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How Cities Like San Francisco Enable Drug Addicts
The “Harm Reduction” disaster.
In America, when it comes to a wide variety of self-defeating behavior that leads to bad outcomes, we tend to take one of two different approaches to deal with it. Either…
1) We focus on strongly discouraging people from engaging in problematic behavior.
2) We focus on trying to help people engaged in problematic behavior and reduce the harm it causes in their lives.
Debates about issues like homelessness, single mothers, trans issues, and divorce all tend to revolve, at least in part, around these two approaches to the problem. Both approaches have different strengths and weaknesses.
The first approach is usually much cheaper and tends to dramatically reduce the scope of the problem at the price of being indifferent at best or perhaps even slightly cruel to the people suffering it at worst. Philosophically, Ben Franklin’s approach to poverty falls into this camp:
The second approach is usually very expensive and does much more to alleviate the suffering of the people afflicted with the problem, although it often does little to reduce the number of people with the problem. In fact, these sorts of policies can end up enabling the problem and leading to significantly larger numbers of people having the problem than we would have seen had NOTHING been done.
If you want to see an example of the second approach in action, read this thread by Michelle Tandler discussing the broken way that San Francisco “helps” drug addicts:
First of all, if you’re a junkie, San Francisco is a paradise. It’s a rich city with a comfortable climate year-round. The government and liberal do-gooders will provide you with food, shelter, and needles. Drug use is essentially legal, the police are going to turn a blind eye and because there are so many junkies around, the drugs are cheap and easy to acquire.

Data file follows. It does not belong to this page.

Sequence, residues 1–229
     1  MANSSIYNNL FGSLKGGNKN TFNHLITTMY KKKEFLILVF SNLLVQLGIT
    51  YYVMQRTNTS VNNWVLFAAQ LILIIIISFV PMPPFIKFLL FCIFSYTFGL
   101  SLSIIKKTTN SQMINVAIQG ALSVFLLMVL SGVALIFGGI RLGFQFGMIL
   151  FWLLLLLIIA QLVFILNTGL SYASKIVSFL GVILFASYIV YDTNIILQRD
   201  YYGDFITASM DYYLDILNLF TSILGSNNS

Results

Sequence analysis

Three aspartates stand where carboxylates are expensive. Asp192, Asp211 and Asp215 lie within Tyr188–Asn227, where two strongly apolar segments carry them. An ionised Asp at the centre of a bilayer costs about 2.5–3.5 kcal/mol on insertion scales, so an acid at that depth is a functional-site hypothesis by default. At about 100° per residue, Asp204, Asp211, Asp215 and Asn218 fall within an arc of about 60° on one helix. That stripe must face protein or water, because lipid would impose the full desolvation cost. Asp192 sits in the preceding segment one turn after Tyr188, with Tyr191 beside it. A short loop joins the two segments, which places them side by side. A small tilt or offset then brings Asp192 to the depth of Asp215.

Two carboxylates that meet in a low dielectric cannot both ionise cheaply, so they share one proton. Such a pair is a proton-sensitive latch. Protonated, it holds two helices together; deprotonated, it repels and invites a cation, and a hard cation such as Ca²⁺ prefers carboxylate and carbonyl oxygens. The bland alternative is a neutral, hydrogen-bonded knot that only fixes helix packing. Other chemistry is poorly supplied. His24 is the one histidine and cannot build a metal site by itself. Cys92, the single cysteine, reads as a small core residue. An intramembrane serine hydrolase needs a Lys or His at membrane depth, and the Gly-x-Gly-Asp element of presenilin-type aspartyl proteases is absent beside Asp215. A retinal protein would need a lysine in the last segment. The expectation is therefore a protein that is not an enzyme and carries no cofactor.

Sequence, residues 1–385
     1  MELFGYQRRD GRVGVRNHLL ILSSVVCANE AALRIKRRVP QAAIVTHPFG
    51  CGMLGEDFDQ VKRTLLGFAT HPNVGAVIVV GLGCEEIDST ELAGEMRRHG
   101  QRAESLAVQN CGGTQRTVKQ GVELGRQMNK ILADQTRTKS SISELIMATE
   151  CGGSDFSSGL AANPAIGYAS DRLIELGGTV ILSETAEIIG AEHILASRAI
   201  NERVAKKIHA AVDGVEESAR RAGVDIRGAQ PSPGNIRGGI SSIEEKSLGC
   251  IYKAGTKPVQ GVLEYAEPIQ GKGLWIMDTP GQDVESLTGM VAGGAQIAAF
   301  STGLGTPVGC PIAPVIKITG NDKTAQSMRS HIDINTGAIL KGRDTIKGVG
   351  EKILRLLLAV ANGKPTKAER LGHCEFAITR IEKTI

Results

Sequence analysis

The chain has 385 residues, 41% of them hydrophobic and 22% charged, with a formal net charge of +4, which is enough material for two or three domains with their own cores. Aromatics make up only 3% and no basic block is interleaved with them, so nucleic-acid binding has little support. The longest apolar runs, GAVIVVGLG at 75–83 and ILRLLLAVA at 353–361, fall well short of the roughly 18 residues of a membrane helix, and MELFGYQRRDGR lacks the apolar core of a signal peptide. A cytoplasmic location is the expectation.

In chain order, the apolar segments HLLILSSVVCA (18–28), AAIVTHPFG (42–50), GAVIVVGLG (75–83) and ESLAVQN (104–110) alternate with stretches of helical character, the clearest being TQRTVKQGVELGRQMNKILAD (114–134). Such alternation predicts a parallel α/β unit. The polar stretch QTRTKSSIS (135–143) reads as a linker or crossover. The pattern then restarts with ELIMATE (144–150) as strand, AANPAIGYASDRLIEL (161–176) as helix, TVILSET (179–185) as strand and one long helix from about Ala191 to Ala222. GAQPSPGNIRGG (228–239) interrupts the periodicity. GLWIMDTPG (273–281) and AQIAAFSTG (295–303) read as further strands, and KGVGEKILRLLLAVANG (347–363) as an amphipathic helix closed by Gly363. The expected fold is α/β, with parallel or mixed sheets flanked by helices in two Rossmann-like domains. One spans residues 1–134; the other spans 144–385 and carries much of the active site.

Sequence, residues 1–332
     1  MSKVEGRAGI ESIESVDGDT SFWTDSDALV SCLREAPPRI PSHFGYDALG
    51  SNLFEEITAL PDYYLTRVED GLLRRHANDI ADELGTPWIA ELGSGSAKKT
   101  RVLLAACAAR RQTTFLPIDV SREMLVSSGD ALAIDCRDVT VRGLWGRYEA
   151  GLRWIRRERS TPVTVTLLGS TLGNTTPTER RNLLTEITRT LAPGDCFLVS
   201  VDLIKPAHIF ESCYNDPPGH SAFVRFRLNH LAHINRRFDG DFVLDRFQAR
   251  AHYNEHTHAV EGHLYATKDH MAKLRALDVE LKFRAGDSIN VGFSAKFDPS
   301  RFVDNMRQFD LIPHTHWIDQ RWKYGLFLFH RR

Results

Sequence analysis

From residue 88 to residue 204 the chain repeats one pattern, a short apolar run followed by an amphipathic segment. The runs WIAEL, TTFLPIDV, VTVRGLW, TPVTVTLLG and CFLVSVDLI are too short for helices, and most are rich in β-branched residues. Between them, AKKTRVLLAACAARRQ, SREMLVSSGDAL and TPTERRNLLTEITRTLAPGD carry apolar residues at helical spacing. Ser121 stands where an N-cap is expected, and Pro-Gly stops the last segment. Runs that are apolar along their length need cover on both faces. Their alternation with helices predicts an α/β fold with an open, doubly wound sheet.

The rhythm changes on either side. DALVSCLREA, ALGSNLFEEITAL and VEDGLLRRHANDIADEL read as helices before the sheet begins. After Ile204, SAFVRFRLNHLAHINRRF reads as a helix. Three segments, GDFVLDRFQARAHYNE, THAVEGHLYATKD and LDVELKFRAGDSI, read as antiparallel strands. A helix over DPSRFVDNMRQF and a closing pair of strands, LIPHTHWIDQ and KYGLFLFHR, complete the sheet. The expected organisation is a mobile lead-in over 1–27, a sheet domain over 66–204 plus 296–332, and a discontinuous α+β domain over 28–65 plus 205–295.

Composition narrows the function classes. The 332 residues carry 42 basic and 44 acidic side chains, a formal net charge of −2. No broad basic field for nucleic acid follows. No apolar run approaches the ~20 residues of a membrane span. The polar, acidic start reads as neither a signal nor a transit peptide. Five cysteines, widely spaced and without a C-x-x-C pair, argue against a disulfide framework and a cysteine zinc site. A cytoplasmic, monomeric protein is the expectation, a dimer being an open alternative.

The article Michelle Tandler mentioned early on goes into quite a bit of detail about the case of Ben Campofreda. Here are some excerpts that give you an idea of what this approach looks like in practice. Suffice it to say, it’s not pretty:
He funded his addiction by dumpster-diving, explaining to me that many San Franciscans are so rich that they throw away clothes with tags on them, sunglasses, electronics, and toys. He sold whatever items he could salvage by spreading them on a tarp or a blanket at Sixth and Market streets at night.
He often ate breakfast, used the bathroom, and got toiletries at Glide Memorial Church or St. Anthony’s, and got more goods from outreach workers.
“There was a lot of food offered,” he said. “People would hand out tents and sleeping bags, toothbrushes, deodorant, harm-reduction supplies. They would give out meth pipes, crack pipes, aluminum foil.”
The drugs were the easiest to score of all — dealers were everywhere, and fentanyl was dirt cheap — and soon his life was entirely centered around scoring his next hit.
“The dealers figured out the science of that one real good,” he said of fentanyl. “It’s a jackpot for them. You constantly need it, you constantly want it and you’ll do anything you can to get it.”
A cop, every so often, would approach him in the Tenderloin and tell him to put his drugs away. He doesn’t recall a single outreach worker offering him treatment on the street, even as the city’s drug crisis grew so severe that one or two people, on average, died of overdoses every day.
He rarely slept at night, using methamphetamines to stay awake, and sometimes stretched out on a pew at St. Boniface Church to doze during the day.
“Everywhere else,” he said, “you’ll just get robbed.”